UPDATE 5-Oil stalls at $111, heads for weekly gain
* U.N. nuclear inspectors says talks with Iran have failed
* China's economy rebounds in Q4; signals hope for 2013
* Global supply tighter on China growth, Saudi cuts - IEA
* Coming Up: U.S. Reuters/UMich consumer sentiment; 1455 GMT
(Updates prices, hostage situation)
LONDON, Jan 18 (Reuters) - Oil prices stalled at $111 a barrel on Friday, retaining most of Thursday's gain, supported by stronger economic growth in China and supply concerns after U.N. talks with Iran failed and as Algeria's hostage crisis continued.
Brent crude briefly edged higher after the United Nations said nuclear inspectors had failed to reach a deal with Iran to unblock an investigation into suspected bomb research after two days of intensive discussions.
It was the latest setback in diplomatic efforts to allay international concerns over Tehran's atomic ambitions and avert the threat of a war.
"There is always a probability of an agreement and even though it is small, the impact of an agreement will be high," said Thorbjoern Bak Jensen, an analyst at A/S Global Risk Management.
Front-month Brent was down 12 cents at $110.98 barrel at 1546 GMT, retaining the bulk of Thursday's $1.42 a barrel gain.
U.S. oil was down 19 cents at $95.30 a barrel, also holding on to most of the previous session's $1.25 gain.
Brent is headed for its third weekly gain in four, while U.S. crude is poised for its sixth weekly gain.
The West's main energy agency said upward pressure on prices could continue as rising Chinese demand and falling OPEC supplies tighten world markets and drain inventories.
"All of a sudden, the market looks tighter than we thought," the International Energy Agency (IEA) said. "OECD inventories are getting tighter - a clean break from the protracted and often counter-seasonal builds that had been a hallmark of 2012."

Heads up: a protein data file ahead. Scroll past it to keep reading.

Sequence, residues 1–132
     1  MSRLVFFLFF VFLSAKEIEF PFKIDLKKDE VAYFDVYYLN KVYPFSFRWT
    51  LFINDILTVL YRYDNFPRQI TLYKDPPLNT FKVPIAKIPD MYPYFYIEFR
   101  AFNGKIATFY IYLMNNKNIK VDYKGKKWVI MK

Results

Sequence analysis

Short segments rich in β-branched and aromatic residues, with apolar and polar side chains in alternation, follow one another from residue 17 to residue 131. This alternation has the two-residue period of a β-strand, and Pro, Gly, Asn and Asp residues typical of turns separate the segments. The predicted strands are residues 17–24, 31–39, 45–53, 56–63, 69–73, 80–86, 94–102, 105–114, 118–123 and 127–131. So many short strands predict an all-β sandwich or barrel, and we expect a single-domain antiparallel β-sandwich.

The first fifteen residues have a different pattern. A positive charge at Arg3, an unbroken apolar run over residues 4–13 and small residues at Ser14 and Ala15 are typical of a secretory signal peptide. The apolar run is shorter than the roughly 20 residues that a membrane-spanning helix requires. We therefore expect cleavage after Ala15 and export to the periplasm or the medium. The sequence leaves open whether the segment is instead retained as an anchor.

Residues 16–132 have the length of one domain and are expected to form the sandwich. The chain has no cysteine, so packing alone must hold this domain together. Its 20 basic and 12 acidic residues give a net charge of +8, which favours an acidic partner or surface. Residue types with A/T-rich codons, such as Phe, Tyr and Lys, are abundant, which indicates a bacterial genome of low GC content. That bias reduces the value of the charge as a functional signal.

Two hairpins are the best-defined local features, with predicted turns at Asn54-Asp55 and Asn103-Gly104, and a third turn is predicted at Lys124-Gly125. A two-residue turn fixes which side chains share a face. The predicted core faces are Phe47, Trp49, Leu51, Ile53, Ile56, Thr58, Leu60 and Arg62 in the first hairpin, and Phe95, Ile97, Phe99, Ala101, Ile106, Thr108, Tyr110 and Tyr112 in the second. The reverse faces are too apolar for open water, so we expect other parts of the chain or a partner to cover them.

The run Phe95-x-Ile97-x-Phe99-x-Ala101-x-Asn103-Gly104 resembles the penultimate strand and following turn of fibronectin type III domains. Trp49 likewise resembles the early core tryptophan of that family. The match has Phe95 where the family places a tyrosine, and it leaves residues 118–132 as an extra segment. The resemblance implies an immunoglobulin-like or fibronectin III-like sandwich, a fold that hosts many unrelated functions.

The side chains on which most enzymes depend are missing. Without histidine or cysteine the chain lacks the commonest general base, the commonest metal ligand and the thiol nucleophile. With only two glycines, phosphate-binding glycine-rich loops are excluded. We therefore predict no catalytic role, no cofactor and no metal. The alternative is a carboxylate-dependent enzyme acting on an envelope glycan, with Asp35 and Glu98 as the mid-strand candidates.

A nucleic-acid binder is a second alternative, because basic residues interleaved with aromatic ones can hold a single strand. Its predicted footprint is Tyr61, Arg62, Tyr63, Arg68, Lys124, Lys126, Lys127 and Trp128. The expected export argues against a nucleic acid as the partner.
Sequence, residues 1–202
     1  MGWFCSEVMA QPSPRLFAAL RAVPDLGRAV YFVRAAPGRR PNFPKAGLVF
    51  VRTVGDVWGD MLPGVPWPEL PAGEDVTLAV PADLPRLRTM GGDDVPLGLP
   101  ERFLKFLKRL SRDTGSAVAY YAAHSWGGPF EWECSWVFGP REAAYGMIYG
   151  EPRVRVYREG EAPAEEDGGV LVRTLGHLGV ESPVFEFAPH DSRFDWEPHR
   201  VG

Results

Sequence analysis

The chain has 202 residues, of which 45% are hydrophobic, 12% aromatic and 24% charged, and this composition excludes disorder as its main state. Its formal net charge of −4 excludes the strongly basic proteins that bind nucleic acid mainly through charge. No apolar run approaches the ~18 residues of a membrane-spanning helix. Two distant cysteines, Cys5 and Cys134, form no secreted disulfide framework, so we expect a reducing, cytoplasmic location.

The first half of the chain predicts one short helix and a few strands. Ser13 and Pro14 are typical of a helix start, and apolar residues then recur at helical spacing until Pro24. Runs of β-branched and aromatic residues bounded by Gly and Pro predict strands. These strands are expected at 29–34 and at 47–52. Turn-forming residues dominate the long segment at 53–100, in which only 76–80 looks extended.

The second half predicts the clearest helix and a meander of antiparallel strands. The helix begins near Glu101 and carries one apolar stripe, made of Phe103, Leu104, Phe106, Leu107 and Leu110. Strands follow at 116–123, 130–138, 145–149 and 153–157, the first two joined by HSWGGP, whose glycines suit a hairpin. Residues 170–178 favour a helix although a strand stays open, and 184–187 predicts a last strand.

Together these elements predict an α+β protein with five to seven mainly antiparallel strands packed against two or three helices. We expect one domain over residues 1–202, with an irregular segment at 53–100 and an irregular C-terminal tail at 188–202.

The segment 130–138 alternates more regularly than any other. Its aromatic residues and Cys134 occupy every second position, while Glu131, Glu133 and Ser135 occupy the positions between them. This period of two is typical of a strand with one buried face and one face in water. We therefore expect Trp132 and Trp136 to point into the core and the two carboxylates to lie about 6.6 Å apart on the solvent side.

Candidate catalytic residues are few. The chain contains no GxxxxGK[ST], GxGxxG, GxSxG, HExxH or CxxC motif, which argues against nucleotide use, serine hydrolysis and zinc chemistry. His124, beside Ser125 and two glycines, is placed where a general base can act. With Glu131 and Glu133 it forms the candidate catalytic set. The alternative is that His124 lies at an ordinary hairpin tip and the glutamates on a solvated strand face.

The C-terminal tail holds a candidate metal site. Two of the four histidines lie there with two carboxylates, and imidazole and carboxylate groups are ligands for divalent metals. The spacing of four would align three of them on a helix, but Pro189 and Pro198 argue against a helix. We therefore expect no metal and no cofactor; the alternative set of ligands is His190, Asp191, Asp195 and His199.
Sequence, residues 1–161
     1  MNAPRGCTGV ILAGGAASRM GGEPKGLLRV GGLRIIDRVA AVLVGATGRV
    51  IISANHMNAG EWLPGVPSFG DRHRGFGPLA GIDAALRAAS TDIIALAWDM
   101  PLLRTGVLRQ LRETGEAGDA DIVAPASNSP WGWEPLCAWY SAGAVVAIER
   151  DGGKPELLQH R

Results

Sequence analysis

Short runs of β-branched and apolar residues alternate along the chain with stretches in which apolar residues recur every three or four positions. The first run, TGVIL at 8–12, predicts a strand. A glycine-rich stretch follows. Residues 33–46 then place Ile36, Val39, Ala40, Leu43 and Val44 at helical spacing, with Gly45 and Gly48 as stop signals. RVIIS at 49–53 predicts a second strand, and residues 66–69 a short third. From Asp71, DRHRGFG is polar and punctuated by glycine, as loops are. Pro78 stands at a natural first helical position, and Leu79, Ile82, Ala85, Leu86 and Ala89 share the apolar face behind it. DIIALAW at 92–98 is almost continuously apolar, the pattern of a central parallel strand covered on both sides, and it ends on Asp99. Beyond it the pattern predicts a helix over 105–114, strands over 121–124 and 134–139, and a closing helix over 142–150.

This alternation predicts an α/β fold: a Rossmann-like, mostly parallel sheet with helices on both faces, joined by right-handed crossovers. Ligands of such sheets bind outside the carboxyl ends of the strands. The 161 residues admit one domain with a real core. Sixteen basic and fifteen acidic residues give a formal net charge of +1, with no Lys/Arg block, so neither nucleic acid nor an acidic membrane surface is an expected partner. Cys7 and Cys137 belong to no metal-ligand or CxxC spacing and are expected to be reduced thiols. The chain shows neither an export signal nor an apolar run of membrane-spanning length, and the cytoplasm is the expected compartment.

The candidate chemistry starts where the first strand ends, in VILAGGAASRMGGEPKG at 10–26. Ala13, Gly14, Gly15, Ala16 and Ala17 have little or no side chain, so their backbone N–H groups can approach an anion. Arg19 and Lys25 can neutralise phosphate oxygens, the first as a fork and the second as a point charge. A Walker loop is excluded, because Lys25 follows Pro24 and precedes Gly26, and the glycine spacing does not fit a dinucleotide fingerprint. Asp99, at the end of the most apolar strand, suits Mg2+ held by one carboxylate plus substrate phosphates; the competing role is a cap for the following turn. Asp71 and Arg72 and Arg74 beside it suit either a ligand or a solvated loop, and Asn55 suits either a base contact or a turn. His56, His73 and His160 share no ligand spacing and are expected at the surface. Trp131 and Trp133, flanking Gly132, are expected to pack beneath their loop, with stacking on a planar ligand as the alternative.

More immediate supply concerns from the hostage crisis in Algeria also supported prices as the fate of those held by Islamic militants, who seized a gas facility, remained unclear.
About 60 foreigners were still being held hostage or missing inside the plant on Friday after Algerian forces stormed the desert complex to free hundreds of captives taken by Islamist militants, who threatened to attack other energy installations.
Following the attack, Libya's oil protection force said it was beefing up security around its oil and gas installations in the western and southern areas bordering Algeria.
Chinese fourth-quarter economic growth was a little stronger than expected at 7.9 percent versus analysts' forecasts of 7.8 percent.
Analysts said the end-of-year spurt, driven by infrastructure spending and a jump in trade, could signal a stable growth path.
"The China data was largely in line with expectations and that's reflected in the oil markets. At the moment, it's steady as it goes," said Ric Spooner, chief market analyst at CMC Markets in Sydney.
"The broad demand outlook is for moderate growth, so markets should be generally preparing to improve, although for Brent the upside may be limited by adequate supply."
China's fuel consumption in 2012 experienced the slowest growth since 2008 but beat forecasts by the IEA, and demand growth is expected to accelerate this year as its economy recovers.
Implied oil demand in 2012 in the world's second-largest fuel consumer rose 4.5 percent, or 420,000 bpd on the year, according to Reuters calculations based on preliminary government data, beating the IEA forecast for growth of 3.3 percent, or 301,000 bpd.
China's numbers added to optimistic sentiment after a sharp drop in U.S. unemployment claims and a surge in residential construction helped boost investor confidence on Thursday.
Asian and European shares all rose on Friday, while the dollar index was up by 0.25 percent.
(Additional reporting by Manash Goswami and Ramya Venugopal; editing by William Hardy and Jane Baird)